Phillip Bricker

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Phillip Bricker
January 17, 2020
3:30PM - 5:00PM
Location
353 University Hall

Date Range
Add to Calendar 2020-01-17 15:30:00 2020-01-17 17:00:00 Phillip Bricker

Dr. Bricker is a Professor at the University of Massachusetts Amherst.

Abstract

Why Quidditism

Quidditism, as I understand it, is the doctrine that there are structurally indiscernible portions of
reality that differ qualitatively. The first order of business is to clarify the doctrine by giving an
account of structural indiscernibility and qualitative difference. I then consider three sorts of
argument for quidditism with respect to properties: (1) from modal intuition; (2) from scientific
theorizing; and (3) from the phenomenology of experience. These arguments support the
existence of quiddistic properties: fundamental properties that have substantial intrinsic natures
in virtue of which they may be cross-identified between distinct portions of reality. Next I ask
whether these sorts of argument also support the existence of quiddistic relations. I argue that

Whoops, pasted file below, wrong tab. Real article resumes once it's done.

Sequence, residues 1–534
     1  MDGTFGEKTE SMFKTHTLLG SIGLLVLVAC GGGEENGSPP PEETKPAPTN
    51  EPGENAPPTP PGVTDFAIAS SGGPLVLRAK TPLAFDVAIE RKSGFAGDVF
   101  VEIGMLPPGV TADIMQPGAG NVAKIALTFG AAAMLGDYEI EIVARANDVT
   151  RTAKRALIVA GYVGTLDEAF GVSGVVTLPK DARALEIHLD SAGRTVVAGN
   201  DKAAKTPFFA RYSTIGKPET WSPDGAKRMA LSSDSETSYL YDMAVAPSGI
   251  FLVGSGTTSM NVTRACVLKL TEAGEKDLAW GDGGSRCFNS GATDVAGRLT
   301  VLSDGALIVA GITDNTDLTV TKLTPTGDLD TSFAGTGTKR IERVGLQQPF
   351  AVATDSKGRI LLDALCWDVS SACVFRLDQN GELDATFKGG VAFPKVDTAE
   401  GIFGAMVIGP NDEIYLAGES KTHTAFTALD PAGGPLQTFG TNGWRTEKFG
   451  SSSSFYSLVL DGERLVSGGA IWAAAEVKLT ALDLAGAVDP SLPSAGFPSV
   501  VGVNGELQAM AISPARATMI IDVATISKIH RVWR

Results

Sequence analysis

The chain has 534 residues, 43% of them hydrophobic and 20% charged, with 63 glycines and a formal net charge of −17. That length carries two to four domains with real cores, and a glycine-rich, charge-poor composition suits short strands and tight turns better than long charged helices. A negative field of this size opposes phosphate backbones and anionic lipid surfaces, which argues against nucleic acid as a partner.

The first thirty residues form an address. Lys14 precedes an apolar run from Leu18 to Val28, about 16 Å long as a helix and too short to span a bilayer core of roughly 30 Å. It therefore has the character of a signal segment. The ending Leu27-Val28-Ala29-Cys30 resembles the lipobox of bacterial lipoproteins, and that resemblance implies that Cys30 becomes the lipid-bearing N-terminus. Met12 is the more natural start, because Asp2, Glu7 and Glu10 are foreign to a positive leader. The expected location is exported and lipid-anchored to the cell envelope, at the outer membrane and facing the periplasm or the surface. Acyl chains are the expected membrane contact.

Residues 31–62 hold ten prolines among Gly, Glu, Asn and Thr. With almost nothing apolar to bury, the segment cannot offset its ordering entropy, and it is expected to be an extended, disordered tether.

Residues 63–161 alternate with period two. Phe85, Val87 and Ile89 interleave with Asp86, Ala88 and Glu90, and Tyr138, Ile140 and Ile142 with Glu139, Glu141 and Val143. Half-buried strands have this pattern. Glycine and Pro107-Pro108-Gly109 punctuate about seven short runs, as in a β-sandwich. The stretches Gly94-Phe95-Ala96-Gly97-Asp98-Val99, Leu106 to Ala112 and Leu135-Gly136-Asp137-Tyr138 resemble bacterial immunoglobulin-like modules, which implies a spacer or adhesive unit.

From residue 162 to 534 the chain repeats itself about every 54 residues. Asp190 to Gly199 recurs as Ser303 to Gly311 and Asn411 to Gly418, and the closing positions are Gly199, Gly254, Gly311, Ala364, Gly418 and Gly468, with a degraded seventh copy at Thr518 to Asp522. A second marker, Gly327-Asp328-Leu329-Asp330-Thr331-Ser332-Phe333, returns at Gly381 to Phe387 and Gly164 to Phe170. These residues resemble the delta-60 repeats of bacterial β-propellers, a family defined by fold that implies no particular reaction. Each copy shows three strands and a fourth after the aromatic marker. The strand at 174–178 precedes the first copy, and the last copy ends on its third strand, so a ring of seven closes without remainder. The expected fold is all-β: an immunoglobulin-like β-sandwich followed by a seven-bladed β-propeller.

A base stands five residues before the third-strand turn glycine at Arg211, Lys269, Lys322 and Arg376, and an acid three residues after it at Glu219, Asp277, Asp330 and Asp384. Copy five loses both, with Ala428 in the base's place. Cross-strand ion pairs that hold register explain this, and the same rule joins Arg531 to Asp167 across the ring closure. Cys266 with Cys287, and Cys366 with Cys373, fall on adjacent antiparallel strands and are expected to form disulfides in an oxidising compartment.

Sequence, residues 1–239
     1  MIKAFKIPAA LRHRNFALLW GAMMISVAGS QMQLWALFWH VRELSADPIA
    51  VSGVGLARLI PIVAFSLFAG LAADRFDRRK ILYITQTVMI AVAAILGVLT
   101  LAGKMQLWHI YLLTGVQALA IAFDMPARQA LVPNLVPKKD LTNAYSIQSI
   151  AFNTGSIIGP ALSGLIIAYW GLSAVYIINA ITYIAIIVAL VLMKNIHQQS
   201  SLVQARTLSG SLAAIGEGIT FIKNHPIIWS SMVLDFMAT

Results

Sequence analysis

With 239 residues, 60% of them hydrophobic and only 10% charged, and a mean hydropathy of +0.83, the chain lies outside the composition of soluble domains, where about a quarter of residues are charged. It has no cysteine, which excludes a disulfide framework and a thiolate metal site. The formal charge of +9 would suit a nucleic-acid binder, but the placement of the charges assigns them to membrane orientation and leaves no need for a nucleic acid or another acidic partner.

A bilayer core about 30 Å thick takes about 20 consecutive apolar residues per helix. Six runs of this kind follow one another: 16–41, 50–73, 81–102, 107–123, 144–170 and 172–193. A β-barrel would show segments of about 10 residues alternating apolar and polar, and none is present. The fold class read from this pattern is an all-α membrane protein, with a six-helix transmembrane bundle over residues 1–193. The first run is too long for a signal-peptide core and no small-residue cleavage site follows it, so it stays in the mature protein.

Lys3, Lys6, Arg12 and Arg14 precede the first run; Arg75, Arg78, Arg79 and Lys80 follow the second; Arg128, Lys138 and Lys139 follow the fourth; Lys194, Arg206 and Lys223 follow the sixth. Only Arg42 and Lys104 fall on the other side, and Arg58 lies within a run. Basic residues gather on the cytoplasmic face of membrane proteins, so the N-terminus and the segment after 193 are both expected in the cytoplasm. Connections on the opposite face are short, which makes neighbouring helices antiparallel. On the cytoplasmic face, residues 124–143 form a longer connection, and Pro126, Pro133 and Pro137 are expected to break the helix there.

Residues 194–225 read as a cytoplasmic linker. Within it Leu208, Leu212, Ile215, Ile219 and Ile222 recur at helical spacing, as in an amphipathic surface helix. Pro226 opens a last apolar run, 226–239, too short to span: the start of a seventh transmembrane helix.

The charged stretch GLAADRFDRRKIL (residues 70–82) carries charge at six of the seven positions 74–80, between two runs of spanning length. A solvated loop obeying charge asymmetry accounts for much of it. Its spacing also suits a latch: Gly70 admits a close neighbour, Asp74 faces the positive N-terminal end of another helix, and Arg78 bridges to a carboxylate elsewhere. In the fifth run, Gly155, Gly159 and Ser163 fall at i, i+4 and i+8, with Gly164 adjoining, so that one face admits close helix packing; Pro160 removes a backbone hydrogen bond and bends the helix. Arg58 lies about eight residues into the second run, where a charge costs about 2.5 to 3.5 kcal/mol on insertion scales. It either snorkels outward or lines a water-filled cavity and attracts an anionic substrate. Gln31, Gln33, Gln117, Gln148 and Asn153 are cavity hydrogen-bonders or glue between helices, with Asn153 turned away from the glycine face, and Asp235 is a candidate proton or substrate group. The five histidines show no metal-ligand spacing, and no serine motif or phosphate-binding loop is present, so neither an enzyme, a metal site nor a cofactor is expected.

they do not, or at least not clearly. And that is a good thing. For I favor grounding quiddistic
differences in an ontology of tropes, and relational tropes are problematic for a Humean about
modality (such as myself). The rejection of relational tropes allows a Humean who is a
nominalist about structure to endorse an especially simple account of reality: reality is composed
entirely of property tropes (and perhaps bare particulars) occupying places in fundamental
structures.

353 University Hall Department of Philosophy philosophy@osu.edu America/New_York public
Description

Dr. Bricker is a Professor at the University of Massachusetts Amherst.

Abstract

Why Quidditism

Quidditism, as I understand it, is the doctrine that there are structurally indiscernible portions of
reality that differ qualitatively. The first order of business is to clarify the doctrine by giving an
account of structural indiscernibility and qualitative difference. I then consider three sorts of
argument for quidditism with respect to properties: (1) from modal intuition; (2) from scientific
theorizing; and (3) from the phenomenology of experience. These arguments support the
existence of quiddistic properties: fundamental properties that have substantial intrinsic natures
in virtue of which they may be cross-identified between distinct portions of reality. Next I ask
whether these sorts of argument also support the existence of quiddistic relations. I argue that
they do not, or at least not clearly. And that is a good thing. For I favor grounding quiddistic
differences in an ontology of tropes, and relational tropes are problematic for a Humean about
modality (such as myself). The rejection of relational tropes allows a Humean who is a
nominalist about structure to endorse an especially simple account of reality: reality is composed
entirely of property tropes (and perhaps bare particulars) occupying places in fundamental
structures.